We played the game as it was meant to be played and would not intentionally run up the score on any opponent. Although a wide-margin victory is never evidence of compassion, my girls played with honor and integrity and showed respect to Dallas Academy…I do not wish to forfeit the game. What kind of example does it set for our children? Do we really want to punish Covenant School girls? Does forfeiting really help Dallas Academy girls? We experienced a blowout almost 4 years ago and it was painful, but it made us who we are today. I believe in the lessons that sports teach us. Competition builds character, and teaches us to value selflessness, hard work, and perseverance. As a coach, I have instilled in my girls these values. So if I lose my job over these statements, I will walk away with my integrity.
Grimes did lose his job—the same day he posted his statement online (and Dallas Morning News cited Grimes’ statement in its 6th article about the incident). In his next article, Barry Horn quoted Covenant headmaster Kyle Queal saying that Grimes "now only represents himself."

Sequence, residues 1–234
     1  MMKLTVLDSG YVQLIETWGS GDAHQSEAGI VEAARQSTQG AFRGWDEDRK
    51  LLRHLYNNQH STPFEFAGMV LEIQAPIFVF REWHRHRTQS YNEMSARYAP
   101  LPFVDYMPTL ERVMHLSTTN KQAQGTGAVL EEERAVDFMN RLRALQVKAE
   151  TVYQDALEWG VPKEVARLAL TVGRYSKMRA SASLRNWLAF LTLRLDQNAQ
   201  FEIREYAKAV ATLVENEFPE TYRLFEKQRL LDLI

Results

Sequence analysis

The TAPPS league has a “mercy” rule for six-man football that if a team has a 45-point-lead at the end of the first half or at any time during the second half, the game ends immediately. There is no corresponding mercy rule for TAPPS basketball.
Dallas Academy is not upset about the game. On the contrary, when the press coverage began, the team members and their coach repeatedly expressed an attitude of cheerful perseverance. “I didn’t feel too bad, and I was just happy that we tried,” said the team’s guard Lauren Click in a Dallas Morning News video. “We don’t play to win; we play to like, learn things and get better and bond with the team.”
The Bulldogs, wrote Horn, “have emerged as America's sweethearts.” The team that never wins but doesn’t mind—so unheard of in our über-competitive age—captured everyone’s compassion. Mark Cuban invited the girls to a Mavericks game and to meet the players. Diane Sawyer cheered after a televised report, “And go Bulldogs.”